Finally, a note on drawing pictures. When I started programming Project 2 (the FTP program) I told myself that I would not let myself thrash. I’d make a plan, think clearly, take breaks, etc. So when I found myself thrashing on a Friday, which also happened to be my wife’s birthday, and the day that we were supposed to leave for a camping trip, I was even more frustrated than I would’ve been if it were just a garden-variety thrashing session. But like I said, we were leaving for a camping trip, so I had no choice but to put the computer away and give my subconscious a few days to sort it out. Thankfully I’d started early, so I didn’t have a deadline breathing down my neck.
When I returned from the camping trip, the first thing I did was sit down on the couch and draw out a diagram on a whiteboard. It shows the socket setup and basic loops that the server and client traverse to accept connections and process requests.
This diagram models a server (in green) and a client (in red). The circled numbers (in black) represent the steps that the two programs follow to connect and transfer a file.
This process of diagraming the pieces and how (and in what order) they fit together did wonders for my understanding of the program.
In summary: start early, take breaks, and draw pictures!
The weekly quizzes, called summary exercises, were a pain. But once I figured out a strategy for completing them, they became a great tool for understanding the material. Before I get to my strategy, two important points: first, each summary exercise was only worth one percent of the final grade, and second, I was allowed two attempts for each summary exercise. OK, here’s the strategy:
- Submit the first attempt without answering any questions. You’ll fail it, obviously, but you’ll gain valuable information in the process.
- Use your first failed summary exercise as a guide to what to focus on in the reading and lectures. Pay special attention to the explanations of the different calculations, which are easy to gloss over.
- Take the summary exercise a second time, hopefully improving upon the 0 percent you earned the first time around.
- Finally, save the questions and answers from both summary exercises in a flashcard program like Anki.
That last point above, about using a flashcard program, was basically my entire test strategy. Some classes lend themselves to the rote memorization that flashcards are designed for, and this is definitely one of them.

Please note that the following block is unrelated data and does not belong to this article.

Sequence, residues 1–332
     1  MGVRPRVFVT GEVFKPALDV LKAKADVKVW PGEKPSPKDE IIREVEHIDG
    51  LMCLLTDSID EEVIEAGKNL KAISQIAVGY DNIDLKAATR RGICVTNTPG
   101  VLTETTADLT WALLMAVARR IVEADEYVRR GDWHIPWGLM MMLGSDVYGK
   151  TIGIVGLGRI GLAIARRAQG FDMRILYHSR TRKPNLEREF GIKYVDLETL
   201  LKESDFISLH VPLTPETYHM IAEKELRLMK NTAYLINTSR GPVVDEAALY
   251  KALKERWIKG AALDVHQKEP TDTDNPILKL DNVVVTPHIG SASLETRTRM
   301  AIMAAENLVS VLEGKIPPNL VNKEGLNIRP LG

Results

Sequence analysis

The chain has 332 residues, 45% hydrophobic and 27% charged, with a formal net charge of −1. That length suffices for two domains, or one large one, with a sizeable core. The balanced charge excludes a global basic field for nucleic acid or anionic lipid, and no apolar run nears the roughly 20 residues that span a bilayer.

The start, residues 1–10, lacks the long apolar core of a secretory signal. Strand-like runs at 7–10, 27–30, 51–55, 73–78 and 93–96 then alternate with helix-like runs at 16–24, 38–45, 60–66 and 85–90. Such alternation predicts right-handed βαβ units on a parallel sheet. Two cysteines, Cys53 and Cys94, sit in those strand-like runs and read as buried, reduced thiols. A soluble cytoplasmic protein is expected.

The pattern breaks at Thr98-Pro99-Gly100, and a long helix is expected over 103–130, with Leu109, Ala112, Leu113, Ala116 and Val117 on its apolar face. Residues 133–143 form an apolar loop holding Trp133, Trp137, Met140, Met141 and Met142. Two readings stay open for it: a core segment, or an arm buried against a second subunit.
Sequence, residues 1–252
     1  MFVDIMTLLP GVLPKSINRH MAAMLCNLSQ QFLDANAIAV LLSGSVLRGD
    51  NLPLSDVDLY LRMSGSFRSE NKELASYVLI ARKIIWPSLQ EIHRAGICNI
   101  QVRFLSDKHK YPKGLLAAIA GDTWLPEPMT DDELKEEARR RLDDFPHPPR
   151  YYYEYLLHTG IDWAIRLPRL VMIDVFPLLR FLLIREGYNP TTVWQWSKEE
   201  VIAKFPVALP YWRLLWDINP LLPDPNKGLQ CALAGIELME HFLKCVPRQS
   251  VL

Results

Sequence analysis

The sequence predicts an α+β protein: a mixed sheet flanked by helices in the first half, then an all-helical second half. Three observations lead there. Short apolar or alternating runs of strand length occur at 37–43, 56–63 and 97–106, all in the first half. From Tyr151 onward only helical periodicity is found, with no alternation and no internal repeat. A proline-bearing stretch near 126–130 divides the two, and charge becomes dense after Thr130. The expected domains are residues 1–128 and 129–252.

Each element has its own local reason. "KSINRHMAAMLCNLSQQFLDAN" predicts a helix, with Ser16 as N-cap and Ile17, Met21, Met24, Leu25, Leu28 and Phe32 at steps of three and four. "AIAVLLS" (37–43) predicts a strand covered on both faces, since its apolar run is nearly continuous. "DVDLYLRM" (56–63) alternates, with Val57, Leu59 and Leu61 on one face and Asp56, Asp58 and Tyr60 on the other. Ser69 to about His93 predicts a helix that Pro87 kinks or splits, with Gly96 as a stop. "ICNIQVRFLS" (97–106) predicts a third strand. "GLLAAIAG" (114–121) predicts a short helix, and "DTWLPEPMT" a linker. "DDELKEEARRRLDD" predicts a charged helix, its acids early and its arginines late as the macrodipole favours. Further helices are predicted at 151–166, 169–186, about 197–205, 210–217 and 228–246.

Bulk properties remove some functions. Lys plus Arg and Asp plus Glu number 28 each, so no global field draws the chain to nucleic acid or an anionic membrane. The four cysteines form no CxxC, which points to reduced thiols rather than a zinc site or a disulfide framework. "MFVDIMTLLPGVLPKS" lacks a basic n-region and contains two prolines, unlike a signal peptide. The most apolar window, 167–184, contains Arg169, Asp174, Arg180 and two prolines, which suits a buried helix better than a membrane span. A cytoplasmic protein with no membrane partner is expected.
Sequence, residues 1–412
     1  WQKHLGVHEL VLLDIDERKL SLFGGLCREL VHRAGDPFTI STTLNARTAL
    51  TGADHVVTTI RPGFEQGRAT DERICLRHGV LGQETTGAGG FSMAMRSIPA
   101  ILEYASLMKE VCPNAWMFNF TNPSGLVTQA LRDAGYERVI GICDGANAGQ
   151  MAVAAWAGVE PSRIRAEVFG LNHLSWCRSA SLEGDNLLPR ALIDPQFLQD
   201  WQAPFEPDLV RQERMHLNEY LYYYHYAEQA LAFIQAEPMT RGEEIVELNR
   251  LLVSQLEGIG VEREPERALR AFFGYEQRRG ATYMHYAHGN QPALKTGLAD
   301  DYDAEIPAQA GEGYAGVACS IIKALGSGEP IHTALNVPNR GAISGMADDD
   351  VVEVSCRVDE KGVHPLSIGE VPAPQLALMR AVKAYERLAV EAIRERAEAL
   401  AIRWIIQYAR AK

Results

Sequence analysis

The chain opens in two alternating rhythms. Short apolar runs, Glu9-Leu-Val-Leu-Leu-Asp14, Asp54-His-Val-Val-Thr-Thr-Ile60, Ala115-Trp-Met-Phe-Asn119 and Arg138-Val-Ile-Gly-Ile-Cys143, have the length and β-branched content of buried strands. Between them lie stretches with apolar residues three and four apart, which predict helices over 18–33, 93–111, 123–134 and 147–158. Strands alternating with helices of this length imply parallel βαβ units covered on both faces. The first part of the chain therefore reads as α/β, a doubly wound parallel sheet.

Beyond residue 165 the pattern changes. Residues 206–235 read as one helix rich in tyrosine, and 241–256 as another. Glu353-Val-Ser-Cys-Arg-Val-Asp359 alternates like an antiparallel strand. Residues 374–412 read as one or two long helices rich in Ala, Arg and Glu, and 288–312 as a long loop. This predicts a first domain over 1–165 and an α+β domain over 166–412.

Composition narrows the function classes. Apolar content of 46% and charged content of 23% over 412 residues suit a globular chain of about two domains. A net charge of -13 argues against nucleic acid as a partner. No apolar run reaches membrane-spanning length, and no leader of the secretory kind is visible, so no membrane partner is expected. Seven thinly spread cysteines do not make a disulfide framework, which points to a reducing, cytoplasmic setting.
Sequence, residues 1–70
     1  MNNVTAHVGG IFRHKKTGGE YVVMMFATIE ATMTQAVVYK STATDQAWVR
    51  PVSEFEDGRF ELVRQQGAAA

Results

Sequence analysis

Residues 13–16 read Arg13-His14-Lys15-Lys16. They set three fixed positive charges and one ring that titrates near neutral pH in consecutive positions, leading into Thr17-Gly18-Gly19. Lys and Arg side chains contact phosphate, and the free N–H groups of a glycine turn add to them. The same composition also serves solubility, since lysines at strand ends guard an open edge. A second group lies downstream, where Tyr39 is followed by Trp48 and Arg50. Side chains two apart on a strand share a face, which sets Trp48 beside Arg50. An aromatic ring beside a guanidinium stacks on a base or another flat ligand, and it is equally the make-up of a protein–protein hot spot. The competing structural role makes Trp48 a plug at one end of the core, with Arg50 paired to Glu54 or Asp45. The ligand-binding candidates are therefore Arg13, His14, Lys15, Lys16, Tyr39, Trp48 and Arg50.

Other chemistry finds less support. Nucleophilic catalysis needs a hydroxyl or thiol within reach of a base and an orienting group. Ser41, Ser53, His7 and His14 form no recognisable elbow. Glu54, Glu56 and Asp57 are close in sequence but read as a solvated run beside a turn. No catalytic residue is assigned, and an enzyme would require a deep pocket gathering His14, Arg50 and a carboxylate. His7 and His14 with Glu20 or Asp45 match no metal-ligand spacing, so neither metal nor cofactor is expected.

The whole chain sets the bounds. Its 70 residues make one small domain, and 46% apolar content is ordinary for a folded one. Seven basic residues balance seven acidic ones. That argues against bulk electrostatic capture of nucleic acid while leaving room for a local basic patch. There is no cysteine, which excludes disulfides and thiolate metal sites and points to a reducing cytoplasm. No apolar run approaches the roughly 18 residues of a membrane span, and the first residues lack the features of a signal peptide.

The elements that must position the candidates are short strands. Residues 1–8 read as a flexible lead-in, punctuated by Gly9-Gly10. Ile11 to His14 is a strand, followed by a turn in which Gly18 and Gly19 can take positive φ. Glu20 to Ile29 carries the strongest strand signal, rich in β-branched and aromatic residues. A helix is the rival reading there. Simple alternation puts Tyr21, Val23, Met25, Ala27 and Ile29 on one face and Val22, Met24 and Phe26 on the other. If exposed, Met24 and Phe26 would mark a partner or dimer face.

By the time the midterm came around I’d already amassed a few hundred flashcards, and studying was as simple as reviewing a few dozen of them each day. I never had to cram for the midterm nor the final, and I still did well on both of them.
In addition to the flashcards, I prepared a simple cheatsheet with formulas and made sure I was comfortable using my TI-89’s built in decimal to binary to hexadecimal conversion. I think there are desktop calculators allowed on exams that provide similar functionality, if you don’t happen to have a TI-89. Come to think of it, the exams weren’t particularly rushed, so there would’ve been plenty of time to conduct these conversions by hand.
Difficulty and Time Commitment
Of all the classes I’ve taken in this program (161, 162, 225, 261, 271, 290, 325, 340, 361, 372, and 475), I’d say this is in the upper end of difficulty, but definitely not at the top. Not so much because of the conceptual challenge, but because it’s a bit of a slog. The work is well-spaced out, which means that I never felt like I was getting ahead. There’s always another lab, or summary exercise, or project. That makes starting early particularly important. On the positive side, the course is clear and well-organized, so most of the struggle is with the material itself. There’s nothing worse than trying to figure out the course when you should really be trying to figure out the material.
I spent about 70 hours on this course, which works out to about 7 hours per week. To put that in perspective, I spent 12 hours per week on Algorithms, 9 hours per week on Databases, and 9 hours per week on Web Development.
For what it’s worth, I took two other courses this term (Parallel Programming at Oregon State and Calculus IV at Portland Community College). I also take care of my daughter (along with my wife and in-laws).
This was a good class. The original designer Paul Paulson and the current instructor Stephen Redfield really seem to care about pedagogy and learning outcomes. If I remember correctly, this is the same designer/instructor dream team who brought you Assembly (271), so if you liked that class I’d expect that you’d like this one, too.
I remember coming away from Assembly in awe of how the movement of bits and bytes came together into a functioning machine. This course on networks imparts a similar appreciation, except instead of just one machine it’s billions, the world over, all sending and receiving at once.